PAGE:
The TSC1 tumor suppressor hamartin interacts with neurofilament-L and possibly functions as a novel integrator of the neuronal cytoskeleton.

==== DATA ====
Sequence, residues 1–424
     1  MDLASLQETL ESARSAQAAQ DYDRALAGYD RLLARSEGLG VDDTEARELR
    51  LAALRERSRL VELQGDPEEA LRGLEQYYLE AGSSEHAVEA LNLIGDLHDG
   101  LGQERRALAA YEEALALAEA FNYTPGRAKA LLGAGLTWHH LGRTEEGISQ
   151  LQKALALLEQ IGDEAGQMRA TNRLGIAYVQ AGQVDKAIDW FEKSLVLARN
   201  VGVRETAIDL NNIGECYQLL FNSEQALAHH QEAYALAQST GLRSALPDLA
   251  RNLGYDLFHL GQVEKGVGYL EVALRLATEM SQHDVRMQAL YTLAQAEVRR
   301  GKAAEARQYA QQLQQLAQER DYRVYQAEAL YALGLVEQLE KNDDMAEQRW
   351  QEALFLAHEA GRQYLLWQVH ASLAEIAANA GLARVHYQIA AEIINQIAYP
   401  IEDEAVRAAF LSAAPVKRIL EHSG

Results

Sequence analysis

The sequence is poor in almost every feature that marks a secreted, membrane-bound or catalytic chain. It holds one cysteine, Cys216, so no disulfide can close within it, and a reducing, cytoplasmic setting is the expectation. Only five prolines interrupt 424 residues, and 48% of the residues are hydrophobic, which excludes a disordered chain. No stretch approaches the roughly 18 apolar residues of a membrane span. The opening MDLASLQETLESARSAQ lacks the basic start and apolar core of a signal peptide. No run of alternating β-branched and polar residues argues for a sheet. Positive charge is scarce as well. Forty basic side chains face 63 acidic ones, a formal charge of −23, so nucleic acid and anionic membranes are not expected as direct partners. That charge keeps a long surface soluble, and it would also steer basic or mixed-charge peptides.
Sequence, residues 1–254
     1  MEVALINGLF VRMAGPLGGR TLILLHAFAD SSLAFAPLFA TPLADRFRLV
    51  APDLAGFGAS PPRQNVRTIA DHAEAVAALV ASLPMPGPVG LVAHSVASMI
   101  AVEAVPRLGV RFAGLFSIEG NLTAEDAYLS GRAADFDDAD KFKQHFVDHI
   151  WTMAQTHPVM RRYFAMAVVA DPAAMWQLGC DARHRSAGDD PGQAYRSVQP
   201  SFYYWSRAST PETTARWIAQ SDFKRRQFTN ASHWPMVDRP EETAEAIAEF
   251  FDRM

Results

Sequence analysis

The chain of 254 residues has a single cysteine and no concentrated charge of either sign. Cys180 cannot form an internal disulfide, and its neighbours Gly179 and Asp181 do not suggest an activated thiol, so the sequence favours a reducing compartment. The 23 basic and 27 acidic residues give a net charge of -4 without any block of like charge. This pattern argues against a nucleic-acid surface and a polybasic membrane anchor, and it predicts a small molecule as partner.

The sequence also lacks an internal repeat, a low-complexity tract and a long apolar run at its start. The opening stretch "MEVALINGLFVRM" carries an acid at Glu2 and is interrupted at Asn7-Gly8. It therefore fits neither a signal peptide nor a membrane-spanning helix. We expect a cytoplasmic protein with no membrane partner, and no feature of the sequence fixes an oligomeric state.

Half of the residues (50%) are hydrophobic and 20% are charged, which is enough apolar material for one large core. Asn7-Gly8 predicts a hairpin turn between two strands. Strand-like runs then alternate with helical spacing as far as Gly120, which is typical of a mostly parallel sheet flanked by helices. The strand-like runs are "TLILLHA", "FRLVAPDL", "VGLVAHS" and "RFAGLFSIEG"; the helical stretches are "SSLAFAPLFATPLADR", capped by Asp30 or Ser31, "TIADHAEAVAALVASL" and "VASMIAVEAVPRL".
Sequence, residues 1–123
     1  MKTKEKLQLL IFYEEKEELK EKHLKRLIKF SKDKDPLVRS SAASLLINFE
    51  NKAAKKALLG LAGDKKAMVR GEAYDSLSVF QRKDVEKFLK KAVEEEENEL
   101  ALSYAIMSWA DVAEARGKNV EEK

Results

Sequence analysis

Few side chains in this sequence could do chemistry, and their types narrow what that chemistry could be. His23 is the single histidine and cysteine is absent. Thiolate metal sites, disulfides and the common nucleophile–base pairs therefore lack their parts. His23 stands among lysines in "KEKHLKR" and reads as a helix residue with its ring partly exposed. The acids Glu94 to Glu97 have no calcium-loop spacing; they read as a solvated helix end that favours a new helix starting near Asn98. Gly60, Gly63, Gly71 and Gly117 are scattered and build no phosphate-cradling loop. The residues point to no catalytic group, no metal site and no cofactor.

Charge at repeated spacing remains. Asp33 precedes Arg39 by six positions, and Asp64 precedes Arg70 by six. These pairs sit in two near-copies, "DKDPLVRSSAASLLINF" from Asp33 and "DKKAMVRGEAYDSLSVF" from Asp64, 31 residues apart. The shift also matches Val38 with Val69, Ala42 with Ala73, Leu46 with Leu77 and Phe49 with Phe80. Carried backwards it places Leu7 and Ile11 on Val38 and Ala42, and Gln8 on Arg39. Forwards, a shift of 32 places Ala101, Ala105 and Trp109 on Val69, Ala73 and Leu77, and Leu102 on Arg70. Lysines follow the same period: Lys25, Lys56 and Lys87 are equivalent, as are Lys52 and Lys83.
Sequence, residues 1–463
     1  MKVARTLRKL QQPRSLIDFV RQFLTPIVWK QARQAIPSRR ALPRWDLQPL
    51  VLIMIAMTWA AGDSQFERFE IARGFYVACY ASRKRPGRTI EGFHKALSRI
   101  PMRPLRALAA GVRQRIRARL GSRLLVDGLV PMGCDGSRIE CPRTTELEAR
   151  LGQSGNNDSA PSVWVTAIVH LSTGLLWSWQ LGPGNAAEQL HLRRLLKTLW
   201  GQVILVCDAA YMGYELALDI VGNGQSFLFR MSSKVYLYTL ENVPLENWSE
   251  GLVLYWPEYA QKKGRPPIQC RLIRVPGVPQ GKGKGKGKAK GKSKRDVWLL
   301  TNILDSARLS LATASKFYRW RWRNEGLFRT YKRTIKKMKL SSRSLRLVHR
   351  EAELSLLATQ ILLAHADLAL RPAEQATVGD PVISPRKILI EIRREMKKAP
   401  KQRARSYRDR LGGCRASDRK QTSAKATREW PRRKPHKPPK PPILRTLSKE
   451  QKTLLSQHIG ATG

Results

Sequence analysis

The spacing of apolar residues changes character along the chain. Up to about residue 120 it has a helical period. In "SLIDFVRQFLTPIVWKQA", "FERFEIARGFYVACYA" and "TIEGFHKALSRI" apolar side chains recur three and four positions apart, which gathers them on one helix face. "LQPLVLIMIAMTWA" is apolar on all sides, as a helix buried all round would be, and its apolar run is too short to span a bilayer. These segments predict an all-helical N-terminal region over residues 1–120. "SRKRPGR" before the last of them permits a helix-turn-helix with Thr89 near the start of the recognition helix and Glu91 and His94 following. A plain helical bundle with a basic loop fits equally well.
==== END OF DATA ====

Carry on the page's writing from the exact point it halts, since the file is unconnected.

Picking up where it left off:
Tuberous sclerosis complex, an autosomal dominant disease caused by mutations in either TSC1 or TSC2, is characterized by the development of hamartomas in a variety of organs. The proteins encoded by TSC1 and TSC2, hamartin and tuberin, respectively, associate with each other forming a tight complex. Here we show that hamartin binds the neurofilament light chain and it is possible to recover the hamartin-tuberin complex over the neurofilament light chain rod domain spanning amino acids 93-156 by affinity precipitation. Homologous rod domains in other intermediate filaments such as neurofilament medium chain, alpha-internexin, vimentin, and desmin are not able to bind hamartin. In cultured cortical neurons, hamartin and tuberin co-localize with neurofilament light chain preferentially in the proximal to central growth cone region. Interestingly, in the distal part of the growth cone hamartin overlaps with the ezrin-radixin-moesin family of actin binding proteins, and we have validated the interaction of hamartin with moesin. These results demonstrate that hamartin may anchor neuronal intermediate filaments to the actin cytoskeleton, which may be critical for some of the CNS functions of the hamartin-tuberin complex, and abolishing this through mutations in TSC1 or TSC2 may lead to certain neurological manifestations associated with the disease.